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The newest web article for State-by-State Gardening was written by:

Ruth Mason McElvain

Ruth Mason McElvain, retired English teacher, blogger, gardener and writer, lives in upstate SC, blissfully repatriated to her native South after 40 years in California.

 

 

No Fuss…No Till
by Beth Botts

A growing number of experts say annual tilling is unnecessary—maybe even harmful. Here’s why. Garden wisdom has long held that preparing a vegetable garden means yearly tilling: digging to mix up the top 6 or 8 inches of soil and incorporate new organic matter such as compost to increase its fertility.   >> read article
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Variegated Plants
Exclamation Points in the Garden
by Julie Foster

When I designed the perennial border in the garden of our first home, it was a process of trial and error. All the books I studied told me I should first create an evergreen “backbone” to provide year-round interest, and plant so that something of interest was blooming each season.   >> read article
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The New Faces of Urban Spaces
Raise Chickens, Rabbits and Goats
by Cindy Shapton

The food movement in this country has prompted many to rethink where our food comes from. Economic times have brought people around to giving “growing their own” some serious thought; after all, many remember our parents or grandparents stepping into the backyard and gathering eggs for breakfast or a mess of green beans for dinner or fresh milk from the family cow or goat.   >> read article
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Floral Arranging American Style
by Charlotte Kidd

Is it a bit cheeky to think I can create bouquets like White House Chief of Floral Design Laura Dowling after hearing her speak once? Foolish, perhaps. Fun, certainly.   >> read article
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Air Layering
A Makeover for Overgrown Houseplants
by Martin Stone, Ph.D

Houseplants bring life to our homes and offices, but sometimes they outgrow their welcome. Those with woody stems, such as dracaenas, corn plants and scheffleras, can become too tall and lose their shape or threaten the ceiling. Instead of tossing them out and buying new plants or giving them to a friend with taller ceilings, try air layering. This easy propagation technique will not only rejuvenate your plants — it will reward you with new plants for your efforts ...   >> read article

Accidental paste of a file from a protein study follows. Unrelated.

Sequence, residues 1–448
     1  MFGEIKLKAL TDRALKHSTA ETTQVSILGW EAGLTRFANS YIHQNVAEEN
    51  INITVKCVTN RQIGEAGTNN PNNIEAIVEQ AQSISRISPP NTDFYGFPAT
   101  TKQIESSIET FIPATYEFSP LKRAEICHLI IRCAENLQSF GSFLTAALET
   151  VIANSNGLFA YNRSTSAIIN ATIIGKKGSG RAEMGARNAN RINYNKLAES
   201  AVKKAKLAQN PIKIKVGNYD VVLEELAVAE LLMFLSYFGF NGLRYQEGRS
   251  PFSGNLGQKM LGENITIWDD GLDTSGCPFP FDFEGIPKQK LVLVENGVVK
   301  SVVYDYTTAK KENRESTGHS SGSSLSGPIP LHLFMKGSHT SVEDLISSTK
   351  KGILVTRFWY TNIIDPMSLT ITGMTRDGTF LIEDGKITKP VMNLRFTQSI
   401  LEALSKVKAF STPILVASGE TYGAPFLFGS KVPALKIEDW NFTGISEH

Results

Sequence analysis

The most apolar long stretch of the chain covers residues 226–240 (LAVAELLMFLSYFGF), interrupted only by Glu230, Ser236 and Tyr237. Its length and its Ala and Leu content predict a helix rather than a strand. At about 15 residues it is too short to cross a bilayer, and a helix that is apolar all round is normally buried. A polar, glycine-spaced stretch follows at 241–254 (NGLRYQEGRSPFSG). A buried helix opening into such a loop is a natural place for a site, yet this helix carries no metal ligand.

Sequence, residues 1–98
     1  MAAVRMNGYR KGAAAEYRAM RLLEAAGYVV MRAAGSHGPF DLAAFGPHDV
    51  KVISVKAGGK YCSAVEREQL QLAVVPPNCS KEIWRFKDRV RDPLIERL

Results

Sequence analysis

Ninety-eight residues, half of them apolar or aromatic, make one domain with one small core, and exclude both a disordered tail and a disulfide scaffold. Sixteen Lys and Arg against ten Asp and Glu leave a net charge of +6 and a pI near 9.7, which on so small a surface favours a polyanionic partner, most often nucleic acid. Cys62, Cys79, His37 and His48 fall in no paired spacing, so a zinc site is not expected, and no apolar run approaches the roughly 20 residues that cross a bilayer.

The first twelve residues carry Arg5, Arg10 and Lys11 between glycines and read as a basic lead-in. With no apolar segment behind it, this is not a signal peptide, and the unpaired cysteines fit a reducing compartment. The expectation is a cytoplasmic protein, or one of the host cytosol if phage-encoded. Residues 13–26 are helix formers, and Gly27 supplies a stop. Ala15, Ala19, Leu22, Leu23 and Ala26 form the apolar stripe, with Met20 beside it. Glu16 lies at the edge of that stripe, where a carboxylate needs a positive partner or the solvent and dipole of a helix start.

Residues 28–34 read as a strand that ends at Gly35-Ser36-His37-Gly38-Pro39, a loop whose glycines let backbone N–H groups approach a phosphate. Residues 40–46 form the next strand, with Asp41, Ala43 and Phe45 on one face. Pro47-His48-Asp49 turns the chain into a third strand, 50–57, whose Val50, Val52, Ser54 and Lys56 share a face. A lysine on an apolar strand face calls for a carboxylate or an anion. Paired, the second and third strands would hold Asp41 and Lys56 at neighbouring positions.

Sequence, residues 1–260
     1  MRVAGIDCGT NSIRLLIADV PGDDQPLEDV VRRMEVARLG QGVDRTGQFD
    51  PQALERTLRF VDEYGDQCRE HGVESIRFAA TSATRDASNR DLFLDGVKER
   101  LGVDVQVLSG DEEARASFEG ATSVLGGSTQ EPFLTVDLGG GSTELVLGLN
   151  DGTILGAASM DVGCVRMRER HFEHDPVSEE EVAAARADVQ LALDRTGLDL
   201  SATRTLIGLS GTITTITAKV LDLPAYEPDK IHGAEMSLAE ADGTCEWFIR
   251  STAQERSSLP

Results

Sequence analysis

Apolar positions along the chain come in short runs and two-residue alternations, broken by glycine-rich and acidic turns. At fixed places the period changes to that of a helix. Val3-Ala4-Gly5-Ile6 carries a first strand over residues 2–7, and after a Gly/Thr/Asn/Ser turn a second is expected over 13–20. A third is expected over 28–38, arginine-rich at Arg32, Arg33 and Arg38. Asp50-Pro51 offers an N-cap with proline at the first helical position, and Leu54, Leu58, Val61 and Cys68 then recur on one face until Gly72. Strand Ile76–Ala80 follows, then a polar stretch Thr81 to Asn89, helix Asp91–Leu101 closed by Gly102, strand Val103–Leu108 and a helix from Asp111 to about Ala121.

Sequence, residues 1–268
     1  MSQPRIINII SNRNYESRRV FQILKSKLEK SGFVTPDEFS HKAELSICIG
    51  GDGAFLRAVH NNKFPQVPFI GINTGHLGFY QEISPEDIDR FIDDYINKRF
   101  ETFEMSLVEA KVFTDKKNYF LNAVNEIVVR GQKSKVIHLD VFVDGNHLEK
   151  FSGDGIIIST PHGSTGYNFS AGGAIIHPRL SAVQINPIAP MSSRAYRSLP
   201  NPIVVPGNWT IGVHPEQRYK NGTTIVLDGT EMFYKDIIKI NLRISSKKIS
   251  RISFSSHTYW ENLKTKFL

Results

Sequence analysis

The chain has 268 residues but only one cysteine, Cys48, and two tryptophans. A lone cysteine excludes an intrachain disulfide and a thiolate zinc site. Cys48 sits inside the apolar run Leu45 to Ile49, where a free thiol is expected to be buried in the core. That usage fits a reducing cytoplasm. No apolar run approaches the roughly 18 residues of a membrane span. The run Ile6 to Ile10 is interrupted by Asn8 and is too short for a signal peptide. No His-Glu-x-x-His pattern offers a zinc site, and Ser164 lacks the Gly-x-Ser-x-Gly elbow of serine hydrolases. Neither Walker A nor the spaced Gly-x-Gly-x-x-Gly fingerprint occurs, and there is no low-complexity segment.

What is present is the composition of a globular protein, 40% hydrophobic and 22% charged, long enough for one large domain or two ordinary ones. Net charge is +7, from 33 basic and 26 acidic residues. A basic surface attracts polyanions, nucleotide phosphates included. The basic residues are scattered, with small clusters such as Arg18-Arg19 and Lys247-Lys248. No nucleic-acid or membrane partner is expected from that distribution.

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Welcome the Birds
by Jeff Rugg

Have you ever wondered why you see more birds in local forest preserves than in your yard? Why some birds are seen in the suburbs but not in the city? Have you ever tried to attract hummingbirds or orioles by putting out special bird feeders, only to have them ignored? What can you do to attract more birds to your yard ...   >> read article
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‘Vanderwolf’s Pyramid’ Limber Pine
Pinus flexilis ‘Vanderwolf’s Pyramid’
by June Hutson

Pinus flexilis ‘Vanderwolf’s Pyramid’, a Plant of Merit selection for 2013, is a needled evergreen. The species is native to Southwestern Canada through the Western U.S. to Mexico and is found primarily in the Rocky Mountains at elevations of 5,000 to 12,000 feet. The species name refers to the flexible branchlets and twigs ...   >> read article
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Site-Sensitive Natives
by Deb Terrill

Just because it’s a native doesn’t mean it will be happy wherever you plant it. There are a lot of terrific reasons to grow native plants, but the most-cited reasons are not necessarily the best. There is little doubt that natives are hot. From two-minute TV segments to print media and even garden club lectures, you can’t avoid the message: “Grow native plants because they are easier, need less water and care and are better for the environment.” But is it true ...   >> read article
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